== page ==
I took a few deep breaths and tried to imagine a disastrous result with the splits. I couldn’t. For a simple trick like the splits, the worst that could happen would be that I fail to get into the position correctly. Since I’m strong enough to hold onto the bar even when I screw up, falling to the net wasn’t a legitimate concern. The worst thing that could happen was that I wouldn’t achieve my desired result with the trick.
When I considered this, I realized I wasn’t afraid of getting hurt. I wasn’t afraid of falling. I was afraid of failing. I was afraid to do a trick I do well, simply because I was afraid I wouldn’t do it well.
The worst that could happen is that I would be embarrassed. The worst that could happen is that I would not be perfect.
For much of my life, perfectionism has held me back. I’d always viewed my perfectionism as laudable. I want everything to be perfect; what could possibly be wrong with that? Plenty, it turns out.
Months after I’d been performing those splits without safety lines, a more advanced flyer, Teresa, was watching my class. I told her my goal for that night was to catch the splits without safety lines. Modest goal, but of course, I was scared. Teresa told me she was going to stay for my whole class and support me in this goal. She told me that all I had to do was swing into splits position on the bar. She said I didn’t have to do the perfect splits position and I didn’t have to release the trick. All I had to do, she said, was try to get into position because I would feel better for having tried. I was dubious. All my protestations came up. “What if can’t get into position? What if I can’t hold the position? What if I bend my front leg? What if I look bad?” “Doesn’t matter,” she said, “just try.”
Since she waited an hour and a half just to watch me try, I felt obligated to do what she said. I got into splits position, held the position and released for a successful catch. It was not my most beautiful splits. It was not a beautiful catch. But I did it. And I tell you what: Teresa was right. I felt great.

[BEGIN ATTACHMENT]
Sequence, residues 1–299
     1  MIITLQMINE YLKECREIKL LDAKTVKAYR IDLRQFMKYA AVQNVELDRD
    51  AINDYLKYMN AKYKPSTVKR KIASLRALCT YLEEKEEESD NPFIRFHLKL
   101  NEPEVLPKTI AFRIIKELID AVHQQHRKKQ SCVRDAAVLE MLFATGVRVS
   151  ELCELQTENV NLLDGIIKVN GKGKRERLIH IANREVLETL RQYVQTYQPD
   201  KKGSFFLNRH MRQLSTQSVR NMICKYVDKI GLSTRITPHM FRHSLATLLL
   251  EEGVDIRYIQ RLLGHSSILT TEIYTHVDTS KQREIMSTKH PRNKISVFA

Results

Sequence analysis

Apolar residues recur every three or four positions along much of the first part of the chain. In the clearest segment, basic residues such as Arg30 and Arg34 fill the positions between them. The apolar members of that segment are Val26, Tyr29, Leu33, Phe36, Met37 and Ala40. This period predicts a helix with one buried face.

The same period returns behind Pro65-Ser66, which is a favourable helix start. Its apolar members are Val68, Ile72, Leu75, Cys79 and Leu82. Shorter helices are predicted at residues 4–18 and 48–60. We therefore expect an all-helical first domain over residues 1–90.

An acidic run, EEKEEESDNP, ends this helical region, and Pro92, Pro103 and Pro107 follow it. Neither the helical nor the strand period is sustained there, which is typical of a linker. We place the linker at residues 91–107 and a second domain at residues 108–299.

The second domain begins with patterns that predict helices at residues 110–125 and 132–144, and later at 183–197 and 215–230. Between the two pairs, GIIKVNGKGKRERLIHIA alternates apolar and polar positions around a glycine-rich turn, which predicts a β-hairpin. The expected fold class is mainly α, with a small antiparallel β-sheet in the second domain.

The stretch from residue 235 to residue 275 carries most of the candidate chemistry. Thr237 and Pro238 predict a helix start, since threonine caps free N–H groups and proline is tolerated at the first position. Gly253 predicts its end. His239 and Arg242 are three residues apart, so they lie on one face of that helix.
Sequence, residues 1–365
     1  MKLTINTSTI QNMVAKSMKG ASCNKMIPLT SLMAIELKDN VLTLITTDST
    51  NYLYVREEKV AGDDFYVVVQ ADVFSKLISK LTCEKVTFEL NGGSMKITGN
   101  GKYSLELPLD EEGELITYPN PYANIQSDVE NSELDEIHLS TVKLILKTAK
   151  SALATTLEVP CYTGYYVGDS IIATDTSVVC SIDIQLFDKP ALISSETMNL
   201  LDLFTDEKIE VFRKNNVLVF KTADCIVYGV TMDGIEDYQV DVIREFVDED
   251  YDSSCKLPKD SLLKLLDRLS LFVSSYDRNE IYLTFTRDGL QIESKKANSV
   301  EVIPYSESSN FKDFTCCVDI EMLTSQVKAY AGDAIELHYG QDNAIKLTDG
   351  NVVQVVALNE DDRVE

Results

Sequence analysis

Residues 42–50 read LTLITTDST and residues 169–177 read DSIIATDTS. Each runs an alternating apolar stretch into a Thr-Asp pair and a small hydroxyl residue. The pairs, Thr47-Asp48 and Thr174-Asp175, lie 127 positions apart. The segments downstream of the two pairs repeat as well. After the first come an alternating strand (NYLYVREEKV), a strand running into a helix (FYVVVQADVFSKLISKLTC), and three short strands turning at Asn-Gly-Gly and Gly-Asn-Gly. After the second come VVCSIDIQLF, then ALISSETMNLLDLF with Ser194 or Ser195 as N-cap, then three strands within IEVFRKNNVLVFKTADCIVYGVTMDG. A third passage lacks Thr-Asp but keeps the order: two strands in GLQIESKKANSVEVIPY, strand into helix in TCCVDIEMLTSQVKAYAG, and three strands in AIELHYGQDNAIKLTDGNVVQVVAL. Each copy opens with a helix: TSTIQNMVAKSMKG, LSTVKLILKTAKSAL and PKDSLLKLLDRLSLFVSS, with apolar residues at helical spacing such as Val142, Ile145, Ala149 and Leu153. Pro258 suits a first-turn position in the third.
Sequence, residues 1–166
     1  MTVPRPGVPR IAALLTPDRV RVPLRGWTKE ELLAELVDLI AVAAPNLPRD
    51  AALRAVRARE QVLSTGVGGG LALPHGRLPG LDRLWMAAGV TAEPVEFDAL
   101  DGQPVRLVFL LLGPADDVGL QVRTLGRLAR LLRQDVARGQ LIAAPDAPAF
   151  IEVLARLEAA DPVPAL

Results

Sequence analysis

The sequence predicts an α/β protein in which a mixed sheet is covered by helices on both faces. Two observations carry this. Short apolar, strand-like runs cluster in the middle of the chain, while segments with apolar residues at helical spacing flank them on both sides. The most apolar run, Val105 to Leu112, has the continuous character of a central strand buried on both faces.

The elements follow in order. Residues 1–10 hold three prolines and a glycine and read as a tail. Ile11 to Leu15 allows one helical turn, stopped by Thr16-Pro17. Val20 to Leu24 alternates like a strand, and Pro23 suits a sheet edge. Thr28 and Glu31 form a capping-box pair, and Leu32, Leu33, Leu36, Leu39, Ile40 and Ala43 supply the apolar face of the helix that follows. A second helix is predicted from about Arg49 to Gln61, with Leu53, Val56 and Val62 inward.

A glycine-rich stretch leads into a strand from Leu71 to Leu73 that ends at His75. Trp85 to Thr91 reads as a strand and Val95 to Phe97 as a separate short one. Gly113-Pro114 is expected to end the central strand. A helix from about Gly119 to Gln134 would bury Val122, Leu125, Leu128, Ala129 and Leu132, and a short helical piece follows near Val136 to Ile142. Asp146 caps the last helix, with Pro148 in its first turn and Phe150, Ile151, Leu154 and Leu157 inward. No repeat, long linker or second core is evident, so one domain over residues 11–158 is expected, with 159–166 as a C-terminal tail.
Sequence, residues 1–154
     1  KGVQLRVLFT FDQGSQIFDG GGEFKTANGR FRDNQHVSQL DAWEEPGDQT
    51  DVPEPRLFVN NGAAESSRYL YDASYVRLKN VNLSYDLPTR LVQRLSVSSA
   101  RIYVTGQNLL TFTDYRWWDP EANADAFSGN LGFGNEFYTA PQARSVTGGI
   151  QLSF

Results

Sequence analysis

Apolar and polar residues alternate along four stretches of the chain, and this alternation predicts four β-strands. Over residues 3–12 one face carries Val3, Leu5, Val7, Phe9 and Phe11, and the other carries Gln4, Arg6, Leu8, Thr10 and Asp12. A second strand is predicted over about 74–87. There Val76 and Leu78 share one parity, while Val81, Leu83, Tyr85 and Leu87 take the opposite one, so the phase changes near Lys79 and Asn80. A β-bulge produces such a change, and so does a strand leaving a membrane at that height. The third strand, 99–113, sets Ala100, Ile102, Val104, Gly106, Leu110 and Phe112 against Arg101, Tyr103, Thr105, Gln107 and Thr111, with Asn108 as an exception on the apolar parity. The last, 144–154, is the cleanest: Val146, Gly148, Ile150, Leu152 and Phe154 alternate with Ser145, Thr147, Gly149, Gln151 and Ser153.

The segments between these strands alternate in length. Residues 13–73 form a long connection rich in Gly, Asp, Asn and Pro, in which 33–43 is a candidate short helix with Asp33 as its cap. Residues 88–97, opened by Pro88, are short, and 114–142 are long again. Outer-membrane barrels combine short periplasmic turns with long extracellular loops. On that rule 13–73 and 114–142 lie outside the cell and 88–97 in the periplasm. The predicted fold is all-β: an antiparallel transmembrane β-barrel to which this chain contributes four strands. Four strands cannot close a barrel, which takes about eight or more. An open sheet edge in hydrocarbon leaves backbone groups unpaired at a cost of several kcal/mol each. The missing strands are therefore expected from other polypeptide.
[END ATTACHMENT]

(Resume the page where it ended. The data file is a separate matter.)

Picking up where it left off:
Perfectionism potentially dampens every facet of life. Perfectionism is not a character attribute, a fine quality that makes me a better person. Perfectionism is a curse that ruins projects, relationships, travels, creativity. Perfectionism searches for what’s wrong, not what’s right, in every situation. Perfectionism demands complete submission. Perfectionism hates fun: strolling on sandy beaches, stomping in warm springtime puddles, anything that isn’t one hundred percent tidy. Perfectionism feeds and breeds fear.
Shortly after my watershed moment with Teresa, I was in class and had performed a splits, catch and return, meaning I swung into the splits position, had been caught by the catcher, swung with him, returned to my own bar and then stepped back up on the pedestal. Since returning to the pedestal is the goal of every trick, I was pleased with myself. Back on ground, one of my instructors was watching a DVR replay of the trick in slow motion, pointing out all the things I could have done better. He had a lot of material to work with. As I listened to him, I felt my euphoric mood begin to crash. Of course, I want to perform to the best of my ability, but that is precisely what I’d done. I watched the video while he complained about how my trick looked. I asked him for the remote and turned off the DVR. I turned to him. “You’re crazy,” I said. “I’m beautiful.”
I was not about to let his perfectionism ruin my trapeze high.
Perfectionism is a bigger gremlin in the attainment of joy than fear, because perfectionism masquerades as something noble. Perfectionism must not be befriended. It must be obliterated. In reality, perfectionism looks, feels, tastes, smells and sounds a lot like fear. It even produces one of the same responses that fear does: freeze (deer in the headlights), fight (rattlesnake in the grass about to be trod upon) and flight (flying trapeze artist feeling the fear and doing it anyway).
Putting this book out there is my greatest exercise in relinquishing perfectionism. There are so many other elements I wanted to include, but I’d never finish. I knew I could find endless reasons to continue writing and never publish this book. I knew it would never be perfect. I also know that perfect is an illusion.
Fear is not the enemy. The enemy is perfectionism. Not going for what we want in life is the worst thing that could happen.